Thousands Of Kids Sickened By Laundry Pods That Are Hard To Resist Thousands of kids are being poisoned by ingesting detergent "pods," those increasingly popular alternatives to liquid detergents. Their colorful packaging and design are apparently hard for a lot of kids to resist.
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Thousands Of Kids Sickened By Laundry Pods That Are Hard To Resist

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Thousands Of Kids Sickened By Laundry Pods That Are Hard To Resist

Thousands Of Kids Sickened By Laundry Pods That Are Hard To Resist

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ROBERT SIEGEL, HOST:

Detergent pods are dangerous for young children. That's the message out today from a group of poison experts. For the first time, the researchers documented the hazards posed by these increasingly popular products.

NPR's Rob Stein has the details.

ROB STEIN, BYLINE: Detergent pods first came on the market a couple of years ago. They're those colorful squishy capsules designed to be a lot easier to use in washing machines, but Marcel Casavant of the Nationwide Children's Hospital in Columbus, Ohio says they also contain chemicals that can be toxic.

MARCEL CASAVANT: They're very dangerous. It seems like these are probably very good at attacking stains in the laundry, but unfortunately they're also pretty effective at attacking children.

STEIN: Casavant and his colleagues had been hearing about kids getting sick from eating the pods, but had no idea how often that sort of thing was happening so the researchers combed through a national poisoning databank. In this week's issue of the journal Pediatrics, they're reporting what they found - more than 17,000 kids age 6 or younger were exposed to the chemicals in the pods in 2012 and 2013.

CASAVANT: That's about one every hour. It was a rather astonishing number.

STEIN: Most of the kids were only 1 or 2 years old. Sometimes they just got some detergent on their skin, but in many cases it was worse.

CASAVANT: Most of the exposures were children putting the product in their mouth, eating it, swallowing it, chewing on it, that sort of thing.

STEIN: Most of the kids ended up fine. Either nothing happened at all or they had relatively mild reactions like vomiting, nausea or irritated eye, but more than 750 kids ended up in the hospital. Some had serious breathing problems. Twelve had seizures. Two dozen ended up in comas and at least two died.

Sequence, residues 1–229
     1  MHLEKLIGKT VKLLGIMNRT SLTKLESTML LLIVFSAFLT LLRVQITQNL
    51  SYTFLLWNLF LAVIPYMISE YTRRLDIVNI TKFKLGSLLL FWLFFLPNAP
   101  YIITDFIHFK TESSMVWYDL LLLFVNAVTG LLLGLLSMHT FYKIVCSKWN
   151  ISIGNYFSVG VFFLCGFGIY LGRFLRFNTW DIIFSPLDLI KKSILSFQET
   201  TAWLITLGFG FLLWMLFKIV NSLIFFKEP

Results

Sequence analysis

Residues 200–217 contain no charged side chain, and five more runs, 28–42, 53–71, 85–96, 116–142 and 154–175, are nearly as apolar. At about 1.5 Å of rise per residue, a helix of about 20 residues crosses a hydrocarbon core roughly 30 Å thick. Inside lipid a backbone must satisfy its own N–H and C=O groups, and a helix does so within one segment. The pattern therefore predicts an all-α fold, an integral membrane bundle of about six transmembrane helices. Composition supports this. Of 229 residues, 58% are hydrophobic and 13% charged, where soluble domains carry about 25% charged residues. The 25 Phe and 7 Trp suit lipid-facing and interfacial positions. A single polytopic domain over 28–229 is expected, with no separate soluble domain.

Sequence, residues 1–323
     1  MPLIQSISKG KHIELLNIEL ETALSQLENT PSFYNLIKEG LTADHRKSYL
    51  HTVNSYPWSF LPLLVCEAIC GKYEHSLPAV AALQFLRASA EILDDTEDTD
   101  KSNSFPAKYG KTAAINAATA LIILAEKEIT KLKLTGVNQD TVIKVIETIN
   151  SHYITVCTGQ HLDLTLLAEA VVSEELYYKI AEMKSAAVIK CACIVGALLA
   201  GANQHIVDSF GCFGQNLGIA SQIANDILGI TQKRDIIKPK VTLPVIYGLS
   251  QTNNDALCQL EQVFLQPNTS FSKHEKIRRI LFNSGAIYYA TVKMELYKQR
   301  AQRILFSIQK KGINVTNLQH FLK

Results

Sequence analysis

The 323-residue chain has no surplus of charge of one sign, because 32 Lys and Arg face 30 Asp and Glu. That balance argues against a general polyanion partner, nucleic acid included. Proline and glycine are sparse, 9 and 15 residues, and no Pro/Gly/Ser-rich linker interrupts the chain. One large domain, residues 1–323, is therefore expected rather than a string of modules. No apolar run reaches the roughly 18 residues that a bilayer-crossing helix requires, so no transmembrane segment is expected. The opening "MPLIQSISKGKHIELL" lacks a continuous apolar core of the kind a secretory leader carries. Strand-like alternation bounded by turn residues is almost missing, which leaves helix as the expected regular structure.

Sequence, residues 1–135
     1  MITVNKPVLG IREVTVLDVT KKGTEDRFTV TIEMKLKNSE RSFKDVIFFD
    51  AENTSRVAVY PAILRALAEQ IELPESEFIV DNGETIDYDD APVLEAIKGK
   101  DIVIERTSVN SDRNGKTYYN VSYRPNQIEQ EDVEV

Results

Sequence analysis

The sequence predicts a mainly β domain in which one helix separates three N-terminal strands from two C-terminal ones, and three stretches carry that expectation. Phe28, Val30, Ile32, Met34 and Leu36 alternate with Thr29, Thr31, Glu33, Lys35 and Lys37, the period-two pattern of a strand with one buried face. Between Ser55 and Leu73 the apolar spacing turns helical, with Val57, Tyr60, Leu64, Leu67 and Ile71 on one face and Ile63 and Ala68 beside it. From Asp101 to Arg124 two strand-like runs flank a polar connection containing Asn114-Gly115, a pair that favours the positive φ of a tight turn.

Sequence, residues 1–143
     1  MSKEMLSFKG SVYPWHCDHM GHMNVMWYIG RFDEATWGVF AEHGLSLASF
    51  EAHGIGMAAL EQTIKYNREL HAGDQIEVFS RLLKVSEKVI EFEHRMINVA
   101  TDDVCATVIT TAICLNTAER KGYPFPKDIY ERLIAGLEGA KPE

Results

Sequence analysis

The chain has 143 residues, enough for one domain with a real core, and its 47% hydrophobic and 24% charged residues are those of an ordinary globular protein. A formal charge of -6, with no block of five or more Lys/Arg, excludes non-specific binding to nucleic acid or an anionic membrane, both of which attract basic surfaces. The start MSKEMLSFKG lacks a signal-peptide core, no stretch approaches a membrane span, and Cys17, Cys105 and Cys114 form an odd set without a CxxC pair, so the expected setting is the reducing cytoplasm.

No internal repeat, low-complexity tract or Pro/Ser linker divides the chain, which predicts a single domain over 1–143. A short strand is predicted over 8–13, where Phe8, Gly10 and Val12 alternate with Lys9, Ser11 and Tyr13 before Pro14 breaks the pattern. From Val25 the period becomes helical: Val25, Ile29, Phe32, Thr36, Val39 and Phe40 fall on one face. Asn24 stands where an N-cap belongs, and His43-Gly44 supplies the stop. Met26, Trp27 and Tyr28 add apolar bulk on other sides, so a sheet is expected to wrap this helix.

CASAVANT: Actually, this is a pretty big problem. The convenience of these products hardly seems to be part of worth all of the risk that they cause to children.

STEIN: Casavant and his colleagues think the companies that make the pods should change how they're designed so they don't look so appealing to kids and put them in childproof packaging.

CASAVANT: Part of the problem is that these products look so pretty. We call them pretty poisons and children are attracted to them. If manufacturers can make them look and feel less like toys or candies or playthings, there's a chance that it will take longer for a child to be drawn to the product.

STEIN: The companies that make the pods say they've already made some changes aimed at making them safer, but Brian Sansoni of the American Cleaning Institute, the industry's trade group, says the most important thing is for parents to be careful.

BRIAN SANSONI: You need to keep it up and away from children - out of sight, out of reach. That's the most important factor here. No matter what type of product it is, what color a product is, these products are not meant to be accessed by children.

STEIN: But Sansoni says the companies are working on some new industry standards aimed at making detergent pods even less dangerous for young children.

Rob Stein, NPR News.

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